Nfld. & Labrador

3 bodies recovered, 1 still missing in search for family of fishermen near St. Lawrence

The Canadian Coast Guard confirmed Tuesday the body of a third fisherman was found late Tuesday morning, as a search and rescue mission continued for one other man.

The father, son, nephew and family friend went missing while fishing crab

The Canadian Coast Guard has recovered the body of a third fisherman who went missing near Placentia Bay. (Simon Nakonechny/CBC)

The Canadian Coast Guard has recovered the body of a third fisherman missing off the coast of St. Lawrence, N.L., and crews are still searching for one other missing man.

One man's body was found at 4:15 a.m. local time on Tuesday, the second man's body was found at 11:15 a.m., and the third man's body was found at 11:40 a.m. 

The four men went missing in the mouth of Placentia Bay, off the southeast coast of Newfoundland, after leaving from St. Lawrence shortly after midnight Sunday to fish crab. They were due back before 8 p.m. Monday evening, but they did not arrive.

When the Canadian Coast Guard's Maritime Rescue Sub-Centre in St. John's was called at 7:58 p.m., it worked with the Joint Rescue Co-ordination Centre in Halifax to dispatch multiple aircraft and vessels, along with local volunteers, all of which searched through the night. 

'Just there for each other'

Mayor Paul Pike said three of the men are in the same family — father, son and nephew — and the other man is a family friend. Pike went to school with the father, and the other three are Pike's former students. 

Search efforts have focused Tuesday on an area of ocean near St. Lawrence. (CBC )

"St. Lawrence is a community that's faced many tragedies over the years. We have a very rich history, but we also have a very sad history as well. And we certainly are going to continue with that same resolve to help each other through this," Pike said Tuesday, noting the community's mining and fishing histories have brought their share of hardships. 

"It's hard to verbalize what we're feeling here today."

Pike said the close-knit town of 1,200 people is in a very sombre mood, but grateful for the outpouring of help in the search from people all along the Burin Peninsula. 

"We're just there for each other to offer support in any way we can, and that's how we survive." 

St. Lawrence Mayor Paul Pike said the men are well known within the community of 1,200. (Garrett Barry/CBC)

Judy Foote, the province's lieutenant governor, issued a message of comfort to the community in a news release Tuesday evening. 

"Hearts are breaking today in St. Lawrence with the sad loss at sea of three of the town's residents while the search is ongoing for the fourth fisherman. I share in the heartbreak with the people of St. Lawrence," Foote said.

"While the community of 1,200 in our province has known tragedy over the years, all Newfoundlanders and Labradorians feel the pain when others among us suffer the loss of loved ones, unexpectedly and tragically. Tragedies at sea are not uncommon in Newfoundland and Labrador and whenever they occur we come together to offer support, love, and prayers."

Keith Sullivan, president of the Fish, Food and Allied Workers Union in Newfoundland and Labrador, told CBC Radio's The Broadcast it has been a sombre day across the province. 

The FFAW represents 15,000 members, most of whom are in the fishing industry.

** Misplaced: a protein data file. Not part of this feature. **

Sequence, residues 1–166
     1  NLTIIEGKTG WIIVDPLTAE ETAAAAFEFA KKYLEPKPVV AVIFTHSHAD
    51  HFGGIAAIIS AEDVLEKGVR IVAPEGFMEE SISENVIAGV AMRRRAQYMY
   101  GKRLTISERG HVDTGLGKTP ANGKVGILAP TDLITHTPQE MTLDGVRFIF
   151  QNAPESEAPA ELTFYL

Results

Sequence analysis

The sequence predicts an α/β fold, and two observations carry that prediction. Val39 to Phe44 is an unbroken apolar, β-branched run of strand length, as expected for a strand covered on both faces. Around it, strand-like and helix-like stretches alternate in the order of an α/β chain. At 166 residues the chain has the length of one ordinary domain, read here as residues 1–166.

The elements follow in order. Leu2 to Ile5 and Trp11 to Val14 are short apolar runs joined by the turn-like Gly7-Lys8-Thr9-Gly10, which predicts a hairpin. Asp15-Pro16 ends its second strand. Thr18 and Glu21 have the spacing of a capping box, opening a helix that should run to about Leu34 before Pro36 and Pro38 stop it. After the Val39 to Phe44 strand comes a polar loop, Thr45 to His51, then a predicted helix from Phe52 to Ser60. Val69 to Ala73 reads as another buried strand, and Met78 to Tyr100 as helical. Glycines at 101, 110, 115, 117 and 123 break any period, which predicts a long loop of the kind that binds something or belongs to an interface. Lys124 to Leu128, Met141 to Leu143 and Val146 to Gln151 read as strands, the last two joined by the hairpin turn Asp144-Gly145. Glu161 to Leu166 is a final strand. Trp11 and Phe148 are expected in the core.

"We've certainly been talking to people and trying to find out the latest with the rescue and everything. I know there's a lot of thoughts and prayers sent to the families at this moment," he said. 

Search and rescue effort continues

Search and rescue Supt. Harvey Vardy said conditions have been favourable for their operation, and they're focused on finding the remaining crew member. 

"We spoke to other fishermen — there were several vessels that went out from St. Lawrence yesterday and they have returned. There is no real indication that the weather was a factor in this situation," Vardy told CBC News Tuesday afternoon. 

St. Lawrence Mayor Paul Pike said the close-knit town of 1,200 people was in a very sombre mood on Tuesday, but they are grateful for the outpouring of help with the search from people all along the Burin Peninsula.  (Garrett Barry/CBC)

He said there was safety equipment on board their 35-foot fishing vessel, the Sarah Anne, though none of the bodies recovered were wearing life-jackets. 

"From that, we anticipate that whatever did occur happened very rapidly," said Vardy. 

By Tuesday afternoon, the coast guard said the MCTS Placentia, CCGS W. Jackman, CCGS Ann Harvey, Oceanex Connaigra, multiple aircraft from the Department of National Defence and Provincial Airlines, along with multiple coast guard auxiliary members and volunteer vessels from the area were involved in the search. 

"We found some debris in the water, and obviously the crew member, so we know whatever happened is tragic and probably happened quickly," Mark Gould, the regional supervisor at the Maritime Rescue Sub Centre in St. John's, said Tuesday morning after the first body was recovered.

"We'll search until we've exhausted all measures and possibilities."

Gould later said there is a plan to continue the search for the fourth man into Tuesday evening. He said software is being used to map the drift of the ocean and buoys to measure the current. 

By Tuesday night, he said, some of the searchers who have been on location for 24 hours will be needing to get some rest.

"But, we're going to keep searching with everything we have available until we've exhausted all means that we have."

Read more from CBC Newfoundland and Labrador

With files from Patrick Butler, Garrett Barry, Anthony Germain and Carolyn Stokes

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